Dec 13

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Musici by Derek Zumsteg

The last note of Enri’s exit aria resounded in the hall, the heavy air humming and electric, as the company’s performers smiled in the lamplight and accepted scattered applause. The audience, roused from gawking up at the important people in the boxes along each side wall, began to push for the aisles. One listener sat not moving in his seat in the center of the main floor, He kept his eyes closed and smiled with a warm contentment. His black hair greyed across the temples and speckled his beard, almost concealing remarkably young features and an unpocked-face. He wore modest, plain, clean clothes, unremarkable except for two well-polished gold ear cuffs, clipped high on each side, brightly out of fashion.

Enri, who had sung the still-audible final moment of Hera, watched him.  Stripped of his stage costume, Enri looked like a mantis, or a flamingo, or a hairless, slight chimpanzee, his long arms almost to his knees, his stick-like legs running seemingly to his head.  The passing heads of company members breaking down the production didn’t even reach his shoulders. Still the note remained.

“Bartolo,” Enri whispered to stage left, “bring two men with large staffs.”

Bartolo, struggling to get a belt around his massive waist, paused to look at Enri. He huffed with contempt and returned to his battle.

Enri stamped his foot. “Bartolo!”

“What?” Bartolo said, and the bass-baritone strode out holding his pants up with both hands. Having poured perfume over his layer of performance sweat, his odor trailed him as he passed to center stage, a mix of flower, fruit, stale sweat, and ass. His hair hung like heavy yarn, tangled from being under his wig. Bartolo stopped at his mark, brought both feet together, and faced the hall. He looked at the man, snorted in derision, looked at Enri, and then back at the man.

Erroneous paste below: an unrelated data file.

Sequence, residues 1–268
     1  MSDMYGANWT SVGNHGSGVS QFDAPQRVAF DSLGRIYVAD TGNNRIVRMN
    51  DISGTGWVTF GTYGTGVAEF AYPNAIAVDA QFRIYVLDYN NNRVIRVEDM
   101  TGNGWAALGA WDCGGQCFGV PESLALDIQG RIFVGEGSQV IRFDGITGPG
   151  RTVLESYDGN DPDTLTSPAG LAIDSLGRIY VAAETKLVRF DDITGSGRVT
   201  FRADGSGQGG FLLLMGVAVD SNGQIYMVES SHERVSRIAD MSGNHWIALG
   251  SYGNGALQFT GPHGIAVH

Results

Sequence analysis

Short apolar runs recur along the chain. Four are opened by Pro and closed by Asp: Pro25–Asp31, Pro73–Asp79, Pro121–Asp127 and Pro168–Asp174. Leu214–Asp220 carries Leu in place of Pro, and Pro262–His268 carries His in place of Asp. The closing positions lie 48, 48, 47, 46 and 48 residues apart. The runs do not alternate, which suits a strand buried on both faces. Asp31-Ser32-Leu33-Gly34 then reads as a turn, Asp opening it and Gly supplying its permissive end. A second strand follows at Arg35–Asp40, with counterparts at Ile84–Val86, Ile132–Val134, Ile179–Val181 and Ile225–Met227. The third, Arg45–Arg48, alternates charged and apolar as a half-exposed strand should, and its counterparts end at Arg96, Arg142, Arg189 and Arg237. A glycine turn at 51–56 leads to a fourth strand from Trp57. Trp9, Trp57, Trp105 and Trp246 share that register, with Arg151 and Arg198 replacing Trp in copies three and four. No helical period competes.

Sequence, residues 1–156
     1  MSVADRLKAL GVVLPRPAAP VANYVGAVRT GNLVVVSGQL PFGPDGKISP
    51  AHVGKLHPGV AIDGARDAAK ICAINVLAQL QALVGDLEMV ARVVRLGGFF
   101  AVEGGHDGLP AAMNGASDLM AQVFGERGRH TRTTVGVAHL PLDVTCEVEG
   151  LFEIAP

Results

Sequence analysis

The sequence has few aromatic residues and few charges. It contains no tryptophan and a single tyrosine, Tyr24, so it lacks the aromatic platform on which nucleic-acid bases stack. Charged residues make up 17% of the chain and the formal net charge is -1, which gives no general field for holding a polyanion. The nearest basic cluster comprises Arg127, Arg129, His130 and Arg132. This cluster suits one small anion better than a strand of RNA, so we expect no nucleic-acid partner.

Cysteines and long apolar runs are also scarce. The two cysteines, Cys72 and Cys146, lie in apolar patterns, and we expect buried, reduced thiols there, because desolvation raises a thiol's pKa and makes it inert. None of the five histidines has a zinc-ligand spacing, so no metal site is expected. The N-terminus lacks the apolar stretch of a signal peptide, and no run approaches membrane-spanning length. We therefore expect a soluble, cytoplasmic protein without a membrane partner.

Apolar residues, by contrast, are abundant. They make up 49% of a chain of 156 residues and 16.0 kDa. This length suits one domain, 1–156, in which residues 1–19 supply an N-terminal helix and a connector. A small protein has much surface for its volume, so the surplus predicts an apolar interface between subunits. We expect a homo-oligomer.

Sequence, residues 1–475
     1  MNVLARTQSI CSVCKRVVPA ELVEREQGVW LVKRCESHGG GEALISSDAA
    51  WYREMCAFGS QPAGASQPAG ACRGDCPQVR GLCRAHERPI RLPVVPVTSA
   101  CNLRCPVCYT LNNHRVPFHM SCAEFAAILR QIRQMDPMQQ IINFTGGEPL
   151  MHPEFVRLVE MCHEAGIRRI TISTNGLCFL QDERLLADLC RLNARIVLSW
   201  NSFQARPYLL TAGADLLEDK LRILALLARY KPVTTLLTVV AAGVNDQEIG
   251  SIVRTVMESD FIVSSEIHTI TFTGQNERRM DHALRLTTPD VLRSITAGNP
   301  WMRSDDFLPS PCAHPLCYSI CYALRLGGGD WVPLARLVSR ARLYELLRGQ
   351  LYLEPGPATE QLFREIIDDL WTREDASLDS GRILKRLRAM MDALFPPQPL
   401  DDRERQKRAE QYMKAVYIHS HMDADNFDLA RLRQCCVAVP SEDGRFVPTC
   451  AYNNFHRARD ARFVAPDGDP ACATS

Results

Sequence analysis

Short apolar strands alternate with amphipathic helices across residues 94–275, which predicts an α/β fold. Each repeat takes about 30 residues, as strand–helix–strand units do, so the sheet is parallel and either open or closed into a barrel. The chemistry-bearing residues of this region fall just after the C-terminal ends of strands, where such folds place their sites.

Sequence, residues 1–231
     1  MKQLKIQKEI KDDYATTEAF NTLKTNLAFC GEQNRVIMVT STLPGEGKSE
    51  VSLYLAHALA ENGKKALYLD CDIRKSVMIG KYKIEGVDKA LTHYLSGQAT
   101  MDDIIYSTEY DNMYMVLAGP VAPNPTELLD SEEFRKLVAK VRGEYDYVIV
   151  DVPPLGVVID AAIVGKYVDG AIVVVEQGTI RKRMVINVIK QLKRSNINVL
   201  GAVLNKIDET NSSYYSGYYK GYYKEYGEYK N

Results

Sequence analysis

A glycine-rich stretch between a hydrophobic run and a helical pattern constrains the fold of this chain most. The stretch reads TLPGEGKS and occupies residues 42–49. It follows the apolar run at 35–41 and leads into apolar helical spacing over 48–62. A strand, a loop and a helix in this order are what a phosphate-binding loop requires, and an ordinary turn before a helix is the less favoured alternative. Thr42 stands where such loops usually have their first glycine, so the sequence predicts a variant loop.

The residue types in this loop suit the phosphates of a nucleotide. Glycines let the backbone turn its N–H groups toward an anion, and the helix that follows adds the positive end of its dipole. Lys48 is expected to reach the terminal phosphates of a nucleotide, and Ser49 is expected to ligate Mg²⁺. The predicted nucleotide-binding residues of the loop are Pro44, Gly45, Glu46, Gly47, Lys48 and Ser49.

“You, good sir!” Bartolo didn’t give his performance C, but he was on stage with an audience, and his voice enveloped the hall like a heavy blanket, smothering Enri’s high A.

“Giovanni Sellia,” the man said. He wore a plain vest over a loose shirt, neat and clean.

“Sellia,” Bartolo said. “Our modest show has concluded.”

“Has it?” The man stood. “Booooooooooo!” He yelled, smiling and cheeks coloring above the beard. His brown eyes shone. “Boooooooooooooooooooooooooo!”

Bartolo started.

“Terrible!” Giovanni said, starting to laugh. “I traveled so far for this? An empty spectacle, infertile and boring! Of course your audience talks throughout – their gossip is far more interesting than this worthless Hera!”

Bartolo gave Enri a significant look.

“Spaniard?” he mouthed.

Enri put his empty hand out, helpless.

“Russian?” Bartolo mouthed.

“I don’t know,” Enri whispered.

The man, now at the aisle, stepped forward, smiling. “They warned me Italian opera was a hollow vessel filled with false emotions. Why did I ignore their wisdom?”

“Enri,” Bartolo said. “The men with staves?”

“And yet you seem to be in fine spirits,” Enri said.

“My angel!” the man cried, arms wide in welcome. “Your voice is a revelation like the moment I embraced our Lord Jesus Christ in my heart, and on my love for Him I have never heard anything so beautiful and graceful! You touched me, sir, truly. After the final aria, I could not move, wanting that last moment to go on.”

“And yet—” Bartolo asked, heavy eyebrows together in confusion.

“In service of such terrible work, oh!”

“How dare you!” Bartolo yelled.

“You are the composer? You are a fine singer,” the man said, quietly, sadly. “But in writing you are like Icarus and fly too high for your wax wings.”

Enri put a hand on Bartolo’s shoulder, quelling a response.

“Such a terrible plot. The librettos are the worst in Italy and possibly Europe. But you were an excellent villain,” Giovanni said. “Your voice is powerful and expressive, and with such subtlety.”

“You flatter me with your outstanding taste for fine opera,” Bartolo said. “I regret speculating you were Spanish.”

“Spanish? For shame. I’ve returned to Calabria after years in Bavaria.”

“Ah. Bavaria,” Bartolo said to Enri.

“Bavaria,” Enri agreed.

“His vowels are like being stabbed in the ear,” Bartolo said, frowning. “May we never travel to Germanic lands.”

“May I treat the company to the traditional after-performance meal?”

“Treat the company!” Enri chirped, and blushed.

“After such a reception?” Bartolo yelled, drawing himself forward onto his toes. “Never!”

“But we are performers,” Enri said. “And can’t turn down a free meal.” He smiled at the man.